St. Louis have also already done the bulk of their work on the international market. Their strategy was to sign international players in the summer, then focus on the domestic market and add players from within MLS this winter. They have their Expansion Draft on Nov. 11, when they can add up to five players from the eligible player list, and will be active in the trade and free agent markets as well.
“My goal was to have the biggest amount of foreigners, maybe all of them, signed this summer,” Pfannenstiel said. “It takes away pressure to fish in different lakes. The foreign market is one market, the local is another. We tried to keep it separate. The summer was very clear to dive into the international market, to sign players who we know will be here next season.”
Expansion Draft and offseason ahead
St. Louis will conduct their Expansion Draft amid a busy offseason calendar, less than a week after the 2022 season concludes with MLS Cup on Nov. 5.
The club can select five players from the unprotected list across 23 teams, excluding Atlanta United, Austin FC, D.C. United, LAFC and NYCFC, who are exempt after having players selected by current expansion side Charlotte FC last year. The other 23 teams will have to submit a list of 12 protected players who cannot be selected, while homegrown and Generation adidas players (who haven't graduated from the program) are automatically protected.
“The Expansion Draft isn’t like going into a candy shop and getting just what you want," Pfannenstiel quipped. "It’s more complex than that."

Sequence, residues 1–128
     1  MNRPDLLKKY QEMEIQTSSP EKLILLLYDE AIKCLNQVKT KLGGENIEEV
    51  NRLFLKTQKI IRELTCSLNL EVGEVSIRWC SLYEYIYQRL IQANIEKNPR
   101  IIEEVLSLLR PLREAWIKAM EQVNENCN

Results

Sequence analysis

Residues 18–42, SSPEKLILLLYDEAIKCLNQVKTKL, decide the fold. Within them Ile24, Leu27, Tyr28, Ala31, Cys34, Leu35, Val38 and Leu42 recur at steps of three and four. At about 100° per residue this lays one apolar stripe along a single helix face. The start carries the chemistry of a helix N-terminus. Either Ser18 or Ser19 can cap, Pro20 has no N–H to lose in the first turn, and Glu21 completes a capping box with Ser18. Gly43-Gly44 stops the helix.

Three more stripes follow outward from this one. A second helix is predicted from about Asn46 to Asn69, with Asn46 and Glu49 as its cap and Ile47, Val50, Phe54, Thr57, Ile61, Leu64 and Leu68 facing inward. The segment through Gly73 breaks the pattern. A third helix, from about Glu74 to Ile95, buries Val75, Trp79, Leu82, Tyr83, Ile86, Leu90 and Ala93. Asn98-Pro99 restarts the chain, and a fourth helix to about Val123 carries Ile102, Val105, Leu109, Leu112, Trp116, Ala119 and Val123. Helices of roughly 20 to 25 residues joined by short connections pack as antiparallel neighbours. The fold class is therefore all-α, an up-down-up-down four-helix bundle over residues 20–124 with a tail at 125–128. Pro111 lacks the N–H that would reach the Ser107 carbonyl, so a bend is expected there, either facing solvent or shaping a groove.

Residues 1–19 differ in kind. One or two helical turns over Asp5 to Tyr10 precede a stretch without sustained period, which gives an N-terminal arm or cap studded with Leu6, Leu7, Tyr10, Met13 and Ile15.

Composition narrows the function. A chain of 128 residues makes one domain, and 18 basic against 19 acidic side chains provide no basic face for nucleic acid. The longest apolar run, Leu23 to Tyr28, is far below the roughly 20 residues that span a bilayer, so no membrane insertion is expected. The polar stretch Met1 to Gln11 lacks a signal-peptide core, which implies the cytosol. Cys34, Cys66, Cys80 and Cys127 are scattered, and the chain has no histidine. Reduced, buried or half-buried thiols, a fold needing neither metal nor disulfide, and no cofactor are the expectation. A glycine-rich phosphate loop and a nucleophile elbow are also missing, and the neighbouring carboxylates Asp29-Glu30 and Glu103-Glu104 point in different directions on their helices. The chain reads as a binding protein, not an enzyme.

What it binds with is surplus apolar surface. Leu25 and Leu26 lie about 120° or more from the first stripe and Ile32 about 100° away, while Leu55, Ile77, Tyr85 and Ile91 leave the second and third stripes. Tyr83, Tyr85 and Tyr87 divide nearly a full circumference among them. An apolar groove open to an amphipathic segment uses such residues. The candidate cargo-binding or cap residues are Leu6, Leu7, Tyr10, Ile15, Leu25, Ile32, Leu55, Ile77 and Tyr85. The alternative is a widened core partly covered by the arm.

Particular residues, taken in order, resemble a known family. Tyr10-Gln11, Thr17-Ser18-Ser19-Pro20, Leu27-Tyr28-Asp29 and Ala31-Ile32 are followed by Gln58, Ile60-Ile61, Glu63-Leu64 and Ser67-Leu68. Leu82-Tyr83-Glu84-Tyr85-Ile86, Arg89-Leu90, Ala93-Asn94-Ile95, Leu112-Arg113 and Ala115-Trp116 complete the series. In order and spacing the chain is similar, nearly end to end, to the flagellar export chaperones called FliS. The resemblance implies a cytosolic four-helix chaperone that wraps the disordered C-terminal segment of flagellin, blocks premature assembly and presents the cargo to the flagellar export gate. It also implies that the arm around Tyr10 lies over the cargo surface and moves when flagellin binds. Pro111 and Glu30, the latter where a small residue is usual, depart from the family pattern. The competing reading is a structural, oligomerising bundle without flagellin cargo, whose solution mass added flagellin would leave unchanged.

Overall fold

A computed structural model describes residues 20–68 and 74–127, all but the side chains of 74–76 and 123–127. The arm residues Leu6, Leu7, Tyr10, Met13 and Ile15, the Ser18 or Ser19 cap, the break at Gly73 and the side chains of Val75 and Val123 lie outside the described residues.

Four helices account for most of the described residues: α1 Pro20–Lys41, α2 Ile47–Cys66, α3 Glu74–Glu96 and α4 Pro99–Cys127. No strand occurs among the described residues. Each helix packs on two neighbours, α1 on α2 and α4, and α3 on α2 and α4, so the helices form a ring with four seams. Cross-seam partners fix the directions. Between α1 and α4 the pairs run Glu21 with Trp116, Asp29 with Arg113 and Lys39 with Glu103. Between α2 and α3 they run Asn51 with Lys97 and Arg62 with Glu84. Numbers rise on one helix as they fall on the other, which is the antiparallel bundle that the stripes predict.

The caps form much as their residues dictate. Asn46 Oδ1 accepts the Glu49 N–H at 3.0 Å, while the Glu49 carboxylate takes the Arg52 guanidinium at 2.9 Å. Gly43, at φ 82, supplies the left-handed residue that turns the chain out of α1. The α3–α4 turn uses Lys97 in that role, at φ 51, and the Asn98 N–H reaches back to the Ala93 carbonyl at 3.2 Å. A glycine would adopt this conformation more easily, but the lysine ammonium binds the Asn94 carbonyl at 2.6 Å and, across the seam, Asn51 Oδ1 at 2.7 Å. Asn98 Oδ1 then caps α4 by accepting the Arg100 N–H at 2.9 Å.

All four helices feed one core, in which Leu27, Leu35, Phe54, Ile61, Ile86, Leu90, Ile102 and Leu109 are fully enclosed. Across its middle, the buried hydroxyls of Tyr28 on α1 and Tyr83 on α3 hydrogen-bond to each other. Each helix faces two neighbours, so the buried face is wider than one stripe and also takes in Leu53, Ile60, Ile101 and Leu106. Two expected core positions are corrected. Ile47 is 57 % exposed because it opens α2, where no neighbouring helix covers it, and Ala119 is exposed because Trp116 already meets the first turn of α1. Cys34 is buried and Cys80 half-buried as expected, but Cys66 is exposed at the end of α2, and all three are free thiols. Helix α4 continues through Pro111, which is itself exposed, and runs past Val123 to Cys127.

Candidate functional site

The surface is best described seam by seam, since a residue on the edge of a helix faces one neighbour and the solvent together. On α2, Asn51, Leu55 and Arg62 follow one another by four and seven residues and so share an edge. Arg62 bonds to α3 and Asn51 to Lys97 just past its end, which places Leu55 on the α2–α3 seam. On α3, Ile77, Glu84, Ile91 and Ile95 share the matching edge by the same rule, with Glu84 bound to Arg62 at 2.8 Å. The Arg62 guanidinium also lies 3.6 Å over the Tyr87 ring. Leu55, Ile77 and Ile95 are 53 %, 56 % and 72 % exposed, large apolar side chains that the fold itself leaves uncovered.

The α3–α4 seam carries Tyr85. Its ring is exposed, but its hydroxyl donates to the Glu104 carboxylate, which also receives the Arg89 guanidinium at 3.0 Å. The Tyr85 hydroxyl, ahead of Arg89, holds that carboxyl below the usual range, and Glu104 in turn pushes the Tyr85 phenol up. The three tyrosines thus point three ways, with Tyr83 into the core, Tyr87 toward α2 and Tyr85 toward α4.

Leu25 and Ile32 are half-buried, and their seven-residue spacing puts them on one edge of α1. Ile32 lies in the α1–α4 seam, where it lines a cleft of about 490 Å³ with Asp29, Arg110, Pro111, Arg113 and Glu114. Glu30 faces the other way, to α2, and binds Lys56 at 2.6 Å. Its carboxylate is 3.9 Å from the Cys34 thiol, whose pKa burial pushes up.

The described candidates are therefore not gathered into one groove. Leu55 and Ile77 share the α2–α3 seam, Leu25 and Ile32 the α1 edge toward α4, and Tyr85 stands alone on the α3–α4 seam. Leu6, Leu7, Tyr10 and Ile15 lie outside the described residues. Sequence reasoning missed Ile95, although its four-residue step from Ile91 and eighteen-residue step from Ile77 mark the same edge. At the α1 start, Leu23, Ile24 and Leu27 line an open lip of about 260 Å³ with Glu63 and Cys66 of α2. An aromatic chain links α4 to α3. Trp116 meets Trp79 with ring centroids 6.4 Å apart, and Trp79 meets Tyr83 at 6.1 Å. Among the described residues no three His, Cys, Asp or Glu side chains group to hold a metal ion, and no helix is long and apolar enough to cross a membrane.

St. Louis will try to predict which players will or won’t be protected by other clubs. He joked that teams like FC Dallas and the Philadelphia Union have so many homegrowns that “even the kit manager is protected by homegrown rights."
“We’re doing our homework, we’re watching literally every game that’s played in MLS,” Pfannenstiel said. “The good thing is that Bradley knows the league very well, John [Hackworth] knows the United States soccer landscape like hardly anyone else, so I have two great guys with me. We’re aware of every single player.”
LAFC, Atlanta United and Nashville SC have been the standard-bearers for immediate success in MLS following expansion, while Austin FC have experienced a huge jump forward in their second season in the league, having clinched the No. 2 spot in the Western Conference this year.
“Some recent expansion teams did really well. Others did pretty well, too,” Pfannenstiel said. “Starting an expansion team is probably the most difficult job in soccer; you’re starting from ground zero. It’s not a surprise that most teams have had a rough awakening. But it’s not just what you do in the first year, it’s about the medium-term.”
MLS NEXT PRO Final awaits
Before continuing the roster build, St. Louis have a chance to win the inaugural MLS NEXT Pro Cup final.
“Reaching the final wasn’t a goal, not at all,” Pfannenstiel said. “Genuinely we just wanted to win as many games as we lose, get some meaningful games in but more so to use the season to get to know the league, know the travel, know where to stay. It was a good test run, but we realized pretty early we had a chance to be better than midtable.”
Though the club brought in numerous players on MLS contracts to play a bit with the second team this summer, none of those key international players featured for more than 400 minutes. The group – led by Kyle Hiebert, Josh Yaro, Wan Kuzain and more – were playing to potentially earn first-team deals. Hiebert already has, while Yaro is expected to as well.
“Having a trophy in your first year is not something you can expect,” Pfannenstiel said. “Thinking back to when I arrived, we didn’t have a ball or net. I had a piece of paper and a lot of ideas. Now, two years later, we won a title [Western Conference]. And we hope to win the final, a real cherry on top. We don’t feel any pressure whatsoever, the pressure should definitely be on the Columbus side. Hopefully we can win the title and take it home to the Midwest.”